‘I hate Illinois Nazis’ Blues Brothers get it right, again

The most important decision ever made by Dwight D. Eisenhower, Supreme Allied Commander in Europe during World War II, was to ensure the atrocities of German Nazi extermination camps was documented, in photos and film.

toast-blues-brothersThose images and films are preserved at the Holocaust Museum in Washington, D.C., and 2-of-my-5 daughters have seen them with me.

Today, everyone has a camera through their phones, and it’s increasingly difficult for someone to say, no, I didn’t do that.

Not that facts matter. Americans did elect Trump.

But as the KKK plans a victory parade for North Carolina, video is circulating of a Saturday speech to 200 attendees at the National Policy Institute’s – make that white nationalists — annual conference at the Ronald Reagan building celebrated the rise of Donald Trump as president-elect and promoted a conquer-or-be-conquered mentality.

America was, until this past generation, a white country, designed for ourselves and our posterity,” Richard Spencer, a prominent white nationalist. “It is our creation. It is our inheritance and it belongs to us.”

A video published by The Atlantic, which is working on a documentary on Spencer, shows clips of Spencer’s speech for the National Policy Institute, an independent research organization “dedicated to the heritage, identity and future of people of European descent in the United States,” according to its website. The Atlantic reported that Spencer envisions “a new society, an ethno-state that would be a gathering point for all Europeans,” and supports “peaceful ethnic cleansing.”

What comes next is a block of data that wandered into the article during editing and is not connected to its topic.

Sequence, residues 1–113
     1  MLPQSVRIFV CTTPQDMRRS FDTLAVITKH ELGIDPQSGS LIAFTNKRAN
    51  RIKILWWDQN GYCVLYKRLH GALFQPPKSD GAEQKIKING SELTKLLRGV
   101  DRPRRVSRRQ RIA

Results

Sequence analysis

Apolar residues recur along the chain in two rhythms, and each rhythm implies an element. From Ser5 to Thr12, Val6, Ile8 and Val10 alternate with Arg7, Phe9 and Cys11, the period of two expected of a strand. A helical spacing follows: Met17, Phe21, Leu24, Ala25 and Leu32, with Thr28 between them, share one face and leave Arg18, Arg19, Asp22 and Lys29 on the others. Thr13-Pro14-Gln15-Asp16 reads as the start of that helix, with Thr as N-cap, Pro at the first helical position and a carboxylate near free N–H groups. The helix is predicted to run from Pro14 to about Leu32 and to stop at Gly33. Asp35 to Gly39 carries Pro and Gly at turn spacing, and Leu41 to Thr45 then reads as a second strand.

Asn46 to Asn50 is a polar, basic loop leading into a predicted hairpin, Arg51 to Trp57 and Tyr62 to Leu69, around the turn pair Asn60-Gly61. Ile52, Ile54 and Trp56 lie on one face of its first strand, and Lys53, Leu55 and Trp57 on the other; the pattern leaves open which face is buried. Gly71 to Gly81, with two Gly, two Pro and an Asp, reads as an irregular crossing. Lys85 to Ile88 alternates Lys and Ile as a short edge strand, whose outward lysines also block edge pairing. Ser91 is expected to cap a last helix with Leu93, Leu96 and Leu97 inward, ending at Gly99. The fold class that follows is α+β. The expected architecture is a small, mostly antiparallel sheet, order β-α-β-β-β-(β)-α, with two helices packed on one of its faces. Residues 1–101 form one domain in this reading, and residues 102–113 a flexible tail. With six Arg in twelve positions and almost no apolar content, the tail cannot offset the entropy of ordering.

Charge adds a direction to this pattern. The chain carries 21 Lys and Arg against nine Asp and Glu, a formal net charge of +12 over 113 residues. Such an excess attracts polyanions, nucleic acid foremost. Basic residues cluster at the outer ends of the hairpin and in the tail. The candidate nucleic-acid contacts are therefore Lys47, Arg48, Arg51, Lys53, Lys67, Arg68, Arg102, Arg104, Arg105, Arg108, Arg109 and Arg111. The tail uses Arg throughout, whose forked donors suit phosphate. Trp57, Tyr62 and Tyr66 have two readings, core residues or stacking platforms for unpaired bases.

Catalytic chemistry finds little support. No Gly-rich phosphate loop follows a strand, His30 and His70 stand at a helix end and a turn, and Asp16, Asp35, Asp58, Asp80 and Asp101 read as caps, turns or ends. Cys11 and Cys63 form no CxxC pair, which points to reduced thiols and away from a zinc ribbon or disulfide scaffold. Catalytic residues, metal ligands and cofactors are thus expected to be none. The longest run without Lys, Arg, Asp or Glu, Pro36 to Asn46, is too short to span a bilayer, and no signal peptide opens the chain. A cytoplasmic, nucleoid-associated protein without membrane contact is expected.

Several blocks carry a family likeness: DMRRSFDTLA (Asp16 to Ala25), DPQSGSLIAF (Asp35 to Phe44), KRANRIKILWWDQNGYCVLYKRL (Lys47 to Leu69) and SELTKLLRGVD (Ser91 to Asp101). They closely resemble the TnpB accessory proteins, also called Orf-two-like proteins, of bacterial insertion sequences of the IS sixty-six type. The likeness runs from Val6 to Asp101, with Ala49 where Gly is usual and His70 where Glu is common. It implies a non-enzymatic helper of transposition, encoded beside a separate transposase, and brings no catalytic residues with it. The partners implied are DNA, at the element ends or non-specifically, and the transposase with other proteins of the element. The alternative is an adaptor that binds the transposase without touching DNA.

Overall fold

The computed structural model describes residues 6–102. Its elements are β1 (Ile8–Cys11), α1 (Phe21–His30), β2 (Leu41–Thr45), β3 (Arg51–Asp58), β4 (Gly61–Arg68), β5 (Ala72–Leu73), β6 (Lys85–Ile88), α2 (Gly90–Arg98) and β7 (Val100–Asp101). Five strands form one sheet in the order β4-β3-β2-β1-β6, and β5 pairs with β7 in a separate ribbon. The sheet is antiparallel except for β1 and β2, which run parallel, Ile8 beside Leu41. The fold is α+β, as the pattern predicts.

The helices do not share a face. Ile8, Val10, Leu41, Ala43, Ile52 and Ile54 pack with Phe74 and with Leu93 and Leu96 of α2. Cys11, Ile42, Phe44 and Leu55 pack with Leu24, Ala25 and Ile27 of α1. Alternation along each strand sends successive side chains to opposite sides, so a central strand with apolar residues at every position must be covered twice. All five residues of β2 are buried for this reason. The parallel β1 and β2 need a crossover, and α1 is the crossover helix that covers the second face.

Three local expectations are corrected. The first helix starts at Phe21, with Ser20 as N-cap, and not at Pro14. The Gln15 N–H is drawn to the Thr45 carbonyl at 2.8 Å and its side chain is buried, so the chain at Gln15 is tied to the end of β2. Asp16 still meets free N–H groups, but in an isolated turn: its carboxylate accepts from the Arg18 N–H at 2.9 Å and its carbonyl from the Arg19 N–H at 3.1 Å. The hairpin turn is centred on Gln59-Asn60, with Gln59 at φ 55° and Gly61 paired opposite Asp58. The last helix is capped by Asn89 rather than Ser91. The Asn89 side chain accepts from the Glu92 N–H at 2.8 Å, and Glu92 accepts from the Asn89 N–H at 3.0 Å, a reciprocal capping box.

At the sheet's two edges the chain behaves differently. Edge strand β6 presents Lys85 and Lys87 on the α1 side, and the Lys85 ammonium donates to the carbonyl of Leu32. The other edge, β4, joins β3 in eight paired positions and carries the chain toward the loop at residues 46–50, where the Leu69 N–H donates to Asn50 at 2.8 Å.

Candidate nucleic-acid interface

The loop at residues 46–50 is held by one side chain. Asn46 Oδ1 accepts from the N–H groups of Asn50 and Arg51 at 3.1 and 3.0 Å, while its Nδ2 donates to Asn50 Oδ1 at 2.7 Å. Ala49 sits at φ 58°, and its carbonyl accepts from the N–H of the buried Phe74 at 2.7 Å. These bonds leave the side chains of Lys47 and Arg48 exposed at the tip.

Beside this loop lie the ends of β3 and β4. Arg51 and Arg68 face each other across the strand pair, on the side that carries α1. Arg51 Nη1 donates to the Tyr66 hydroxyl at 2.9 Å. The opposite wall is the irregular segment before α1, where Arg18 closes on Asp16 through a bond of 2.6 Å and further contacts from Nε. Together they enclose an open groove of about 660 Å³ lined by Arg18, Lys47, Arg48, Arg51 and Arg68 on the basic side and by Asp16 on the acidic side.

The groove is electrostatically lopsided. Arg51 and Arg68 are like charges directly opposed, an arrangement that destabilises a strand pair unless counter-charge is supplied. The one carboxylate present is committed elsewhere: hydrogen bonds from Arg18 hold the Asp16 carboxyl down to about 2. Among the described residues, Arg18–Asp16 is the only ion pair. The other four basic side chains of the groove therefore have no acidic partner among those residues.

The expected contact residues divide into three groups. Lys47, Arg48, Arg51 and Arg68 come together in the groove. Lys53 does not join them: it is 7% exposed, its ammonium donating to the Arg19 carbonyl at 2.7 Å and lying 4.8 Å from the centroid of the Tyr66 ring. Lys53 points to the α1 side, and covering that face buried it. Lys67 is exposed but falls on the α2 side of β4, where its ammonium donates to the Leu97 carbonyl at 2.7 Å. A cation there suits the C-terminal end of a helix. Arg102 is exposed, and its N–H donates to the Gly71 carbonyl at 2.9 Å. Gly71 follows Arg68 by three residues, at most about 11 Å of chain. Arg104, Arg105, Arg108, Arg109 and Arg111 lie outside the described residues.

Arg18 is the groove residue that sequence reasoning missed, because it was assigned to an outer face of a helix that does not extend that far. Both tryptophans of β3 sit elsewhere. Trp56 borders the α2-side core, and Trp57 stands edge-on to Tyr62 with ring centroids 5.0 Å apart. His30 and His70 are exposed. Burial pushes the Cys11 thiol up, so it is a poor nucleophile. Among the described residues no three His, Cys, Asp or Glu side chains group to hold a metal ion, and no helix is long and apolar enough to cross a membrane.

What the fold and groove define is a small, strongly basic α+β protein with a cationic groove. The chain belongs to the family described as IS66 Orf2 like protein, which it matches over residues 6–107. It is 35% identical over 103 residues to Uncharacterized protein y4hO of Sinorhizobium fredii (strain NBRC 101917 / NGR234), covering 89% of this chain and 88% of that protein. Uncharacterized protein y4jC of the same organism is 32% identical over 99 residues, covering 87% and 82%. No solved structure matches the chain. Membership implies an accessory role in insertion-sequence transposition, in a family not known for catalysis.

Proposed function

Members of the D.C. Antifascist Coalition protested the conference and an anti-Semitic dinner hosted at Maggiano’s on Saturday. Some held banners and posters outside of the Italian restaurant, while at least one protester was seen outside of Trump International Hotel.

Toward the beginning of his speech, Spencer said, “Hail Trump. Hail our people. Hail victory!” and the room broke out in applause. Some raised a hand in a Nazi salute.

Spencer also slammed the press, calling members “genuinely stupid” and promoted a philosophy of “conquer or die” among attendees. “To be white is to be a striver, a crusader, an explorer and a conqueror.”

According to The Atlantic, for most of the day, a parade of speakers discussed their ideology in relatively anodyne terms, putting a presentable face on their agenda. But after dinner, when most journalists had already departed, Spencer rose and delivered a speech to his followers dripping with anti-Semitism, and leaving no doubt as to what he actually seeks. He referred to the mainstream media as “Lügenpresse,” a term he said he was borrowing from “the original German”; the Nazis used the word to attack their critics in the press.

Churchill’s secret plan to stink bomb the Nazis

Further to the on-going discussion of farts comes word that of all the hideous weapons devised during World War II — Little Boy, the Doodlebug, the bouncing bomb — the British secret service came up with the silliest.

mallrats-brodie-bruce-stink-palm-jared-svenning-michael-rooker-jason-lee-pretzels-reviewDeclassified letters in an American archive reveal that the Special Operations Executive (SOE), Winston Churchill’s cherished forerunner to MI6, set up a program to undermine German and Japanese officers in occupied countries by squirting them with stinking fluid.